The benefit of the Powerflux was patently evident when connected to the Pass Lab X350.5 power amp. This beast draws quite a bit of current from the wall – its power consumption is rated at 600 Watts, and can power the speakers with its 350 Watts per channel at 8 Ohms, and a prodigious 700 Wpc into 4 Ohms. The Sound Lab electrostatic hybrid speakers present to the Pass Labs amplifier, as they would to any amplifier, a difficult load. The Sound Lab speaker's impedance dips very low, even when playing music rather softly. The sound of the system with the Powerflux power cables enabled the amp to perform its best. Best of all, the Powerflux cables did not change the character of the amp in that it didn't sound brighter or duller than usual, nor did it sound more detailed. But it did sound more musical, in that the instruments sounded more like real instruments being played by human beings. Even when playing electronic music, where the "naturalness" of the music cannot be appreciated in any form whatsoever, the music had more impact, and sounded more as the musician or musicians (programmers?) intended. I felt as if I was being drawn into the music rather than just a passive observer. The Sound Labs have always sounded enveloping; their forward character is a benefit rather than a detriment, in that they envelope the listener in sound. Using the Powerflux to power the amp, the speakers continued to behave as they normally do. But now, their sound was even more enveloping, with a soundstage that placed me inside the venue of the recording if the recording was up to it. These subjective impressions were dramatic, but changes to the inherent sonic character of the power amp were not.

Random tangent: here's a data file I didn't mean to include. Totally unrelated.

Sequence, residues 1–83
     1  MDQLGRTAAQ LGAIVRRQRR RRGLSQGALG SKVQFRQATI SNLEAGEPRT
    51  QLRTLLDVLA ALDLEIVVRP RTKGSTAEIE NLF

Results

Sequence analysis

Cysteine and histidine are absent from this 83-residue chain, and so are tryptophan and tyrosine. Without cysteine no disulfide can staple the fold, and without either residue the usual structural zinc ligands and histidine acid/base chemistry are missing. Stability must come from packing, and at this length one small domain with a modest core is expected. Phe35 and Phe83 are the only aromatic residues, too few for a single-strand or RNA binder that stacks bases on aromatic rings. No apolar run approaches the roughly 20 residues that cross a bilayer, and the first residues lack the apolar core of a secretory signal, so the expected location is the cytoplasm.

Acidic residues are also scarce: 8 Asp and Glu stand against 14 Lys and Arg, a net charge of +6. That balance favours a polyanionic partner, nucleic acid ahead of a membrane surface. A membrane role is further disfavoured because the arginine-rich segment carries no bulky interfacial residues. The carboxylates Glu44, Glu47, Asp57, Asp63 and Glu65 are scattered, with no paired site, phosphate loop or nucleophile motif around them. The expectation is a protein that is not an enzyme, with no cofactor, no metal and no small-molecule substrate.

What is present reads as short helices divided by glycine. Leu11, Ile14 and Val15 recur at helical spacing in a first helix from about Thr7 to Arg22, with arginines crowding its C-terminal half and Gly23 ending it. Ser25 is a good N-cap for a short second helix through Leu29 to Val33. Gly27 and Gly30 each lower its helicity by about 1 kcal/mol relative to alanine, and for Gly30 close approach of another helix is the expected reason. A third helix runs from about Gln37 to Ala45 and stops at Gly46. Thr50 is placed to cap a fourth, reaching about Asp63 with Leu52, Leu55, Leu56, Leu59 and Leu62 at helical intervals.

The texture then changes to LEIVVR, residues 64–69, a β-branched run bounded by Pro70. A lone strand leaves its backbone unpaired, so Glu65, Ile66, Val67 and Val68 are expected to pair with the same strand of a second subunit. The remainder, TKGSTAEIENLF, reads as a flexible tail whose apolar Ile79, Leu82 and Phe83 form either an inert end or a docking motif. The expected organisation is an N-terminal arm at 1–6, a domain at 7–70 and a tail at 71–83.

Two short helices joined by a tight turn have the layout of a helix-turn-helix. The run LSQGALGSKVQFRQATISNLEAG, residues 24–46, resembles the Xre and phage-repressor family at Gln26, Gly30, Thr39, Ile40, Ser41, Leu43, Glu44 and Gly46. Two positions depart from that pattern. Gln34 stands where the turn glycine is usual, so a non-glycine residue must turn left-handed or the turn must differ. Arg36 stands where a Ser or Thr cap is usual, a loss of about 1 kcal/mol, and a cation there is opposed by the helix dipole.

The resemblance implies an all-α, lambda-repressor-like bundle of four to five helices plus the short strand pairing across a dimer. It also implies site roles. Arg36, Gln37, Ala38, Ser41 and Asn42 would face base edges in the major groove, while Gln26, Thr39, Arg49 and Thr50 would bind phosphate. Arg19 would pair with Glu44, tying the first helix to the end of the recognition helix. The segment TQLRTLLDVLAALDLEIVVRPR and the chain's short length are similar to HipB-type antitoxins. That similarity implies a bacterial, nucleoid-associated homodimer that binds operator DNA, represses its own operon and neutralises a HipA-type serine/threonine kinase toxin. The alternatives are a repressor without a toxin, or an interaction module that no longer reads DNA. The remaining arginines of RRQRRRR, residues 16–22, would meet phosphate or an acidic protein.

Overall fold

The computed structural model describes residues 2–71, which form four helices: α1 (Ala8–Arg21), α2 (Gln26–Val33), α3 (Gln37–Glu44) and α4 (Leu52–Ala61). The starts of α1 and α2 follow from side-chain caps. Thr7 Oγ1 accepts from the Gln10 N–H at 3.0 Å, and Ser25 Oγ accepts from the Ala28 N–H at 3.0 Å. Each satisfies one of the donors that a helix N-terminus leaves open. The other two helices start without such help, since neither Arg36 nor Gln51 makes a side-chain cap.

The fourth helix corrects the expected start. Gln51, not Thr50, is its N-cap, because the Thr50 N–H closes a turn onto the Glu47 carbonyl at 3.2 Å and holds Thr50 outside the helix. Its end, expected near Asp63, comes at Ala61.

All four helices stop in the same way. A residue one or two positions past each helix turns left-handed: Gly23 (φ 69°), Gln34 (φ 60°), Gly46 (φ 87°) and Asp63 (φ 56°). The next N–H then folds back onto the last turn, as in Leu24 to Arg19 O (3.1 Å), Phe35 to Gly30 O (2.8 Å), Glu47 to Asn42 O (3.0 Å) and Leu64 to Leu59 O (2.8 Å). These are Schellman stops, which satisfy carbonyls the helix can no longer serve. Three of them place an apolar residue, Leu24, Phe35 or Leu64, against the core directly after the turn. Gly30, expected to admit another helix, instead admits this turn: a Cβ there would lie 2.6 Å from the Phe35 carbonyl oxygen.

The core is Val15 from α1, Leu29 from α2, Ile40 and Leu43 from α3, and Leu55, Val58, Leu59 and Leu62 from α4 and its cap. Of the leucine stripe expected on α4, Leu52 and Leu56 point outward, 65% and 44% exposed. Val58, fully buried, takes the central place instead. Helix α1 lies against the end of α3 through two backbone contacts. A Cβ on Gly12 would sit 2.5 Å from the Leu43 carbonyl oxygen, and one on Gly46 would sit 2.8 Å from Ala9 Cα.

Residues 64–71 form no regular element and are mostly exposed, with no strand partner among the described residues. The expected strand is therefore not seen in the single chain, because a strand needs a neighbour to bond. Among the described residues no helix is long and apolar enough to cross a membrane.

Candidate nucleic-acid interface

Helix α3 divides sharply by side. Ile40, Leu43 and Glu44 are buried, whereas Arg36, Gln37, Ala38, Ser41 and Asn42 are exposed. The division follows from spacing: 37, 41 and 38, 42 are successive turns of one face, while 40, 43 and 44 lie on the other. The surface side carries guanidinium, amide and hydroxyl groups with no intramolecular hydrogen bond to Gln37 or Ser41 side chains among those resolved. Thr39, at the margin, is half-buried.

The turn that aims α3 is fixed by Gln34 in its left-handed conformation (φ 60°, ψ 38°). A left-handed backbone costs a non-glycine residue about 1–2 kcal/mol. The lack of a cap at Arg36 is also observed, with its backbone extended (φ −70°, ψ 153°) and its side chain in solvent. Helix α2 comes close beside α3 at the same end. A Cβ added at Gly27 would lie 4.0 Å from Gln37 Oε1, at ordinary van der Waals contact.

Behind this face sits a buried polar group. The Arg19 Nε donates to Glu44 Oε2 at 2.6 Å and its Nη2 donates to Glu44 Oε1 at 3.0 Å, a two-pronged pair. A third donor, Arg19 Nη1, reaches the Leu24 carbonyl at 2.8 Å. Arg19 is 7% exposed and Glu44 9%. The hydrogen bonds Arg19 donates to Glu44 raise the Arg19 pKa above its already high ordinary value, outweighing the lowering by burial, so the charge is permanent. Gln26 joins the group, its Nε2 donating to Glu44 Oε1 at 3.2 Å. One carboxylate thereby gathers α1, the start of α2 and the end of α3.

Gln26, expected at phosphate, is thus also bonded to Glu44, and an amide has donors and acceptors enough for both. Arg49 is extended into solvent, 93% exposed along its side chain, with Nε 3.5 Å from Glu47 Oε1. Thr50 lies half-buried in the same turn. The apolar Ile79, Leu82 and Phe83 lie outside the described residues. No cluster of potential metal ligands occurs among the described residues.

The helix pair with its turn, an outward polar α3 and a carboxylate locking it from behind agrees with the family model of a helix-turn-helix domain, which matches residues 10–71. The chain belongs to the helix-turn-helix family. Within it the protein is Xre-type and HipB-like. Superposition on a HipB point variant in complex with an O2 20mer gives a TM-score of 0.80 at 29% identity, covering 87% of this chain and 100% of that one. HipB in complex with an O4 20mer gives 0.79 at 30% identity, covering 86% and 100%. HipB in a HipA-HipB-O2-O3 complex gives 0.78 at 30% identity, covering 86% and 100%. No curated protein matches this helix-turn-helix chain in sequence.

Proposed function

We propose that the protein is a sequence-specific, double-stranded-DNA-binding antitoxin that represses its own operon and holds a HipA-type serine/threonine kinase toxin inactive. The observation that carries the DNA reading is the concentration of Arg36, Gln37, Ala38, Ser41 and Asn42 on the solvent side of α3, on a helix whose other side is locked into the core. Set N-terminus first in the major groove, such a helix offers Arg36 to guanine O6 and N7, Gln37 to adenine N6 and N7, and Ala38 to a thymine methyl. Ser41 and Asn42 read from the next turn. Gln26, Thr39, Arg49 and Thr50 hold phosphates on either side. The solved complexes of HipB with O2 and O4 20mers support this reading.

It might just be the audiophile in me, but this is impressive-looking cable. It is a weighty, thick speaker cable with a purple-hued outer sleeve, and like the other Furutech cables connection was a breeze, and very uneventful – other than me gushing over the appearance of the cable itself. And even through this is a "modest" system, it was evident that the Furutech Speakerflux cable was a fine sounding cable, much better than even the Cardas cable I use on and off as a reference. The Cardas cable is far from one of the most recent offerings from this brand, so it's hardly fair to compare them head-to-head, but still, the Cardas made a very nice speaker cable even as far back as when this model was manufactured. Yet the Furutech was light-years ahead of it, even if just considering something as simple as its blacker background. The lower noise floor was not immediately noticeable; it wasn't until other traits such as an increase in microdynamics brought this aspect of its sound to the fore.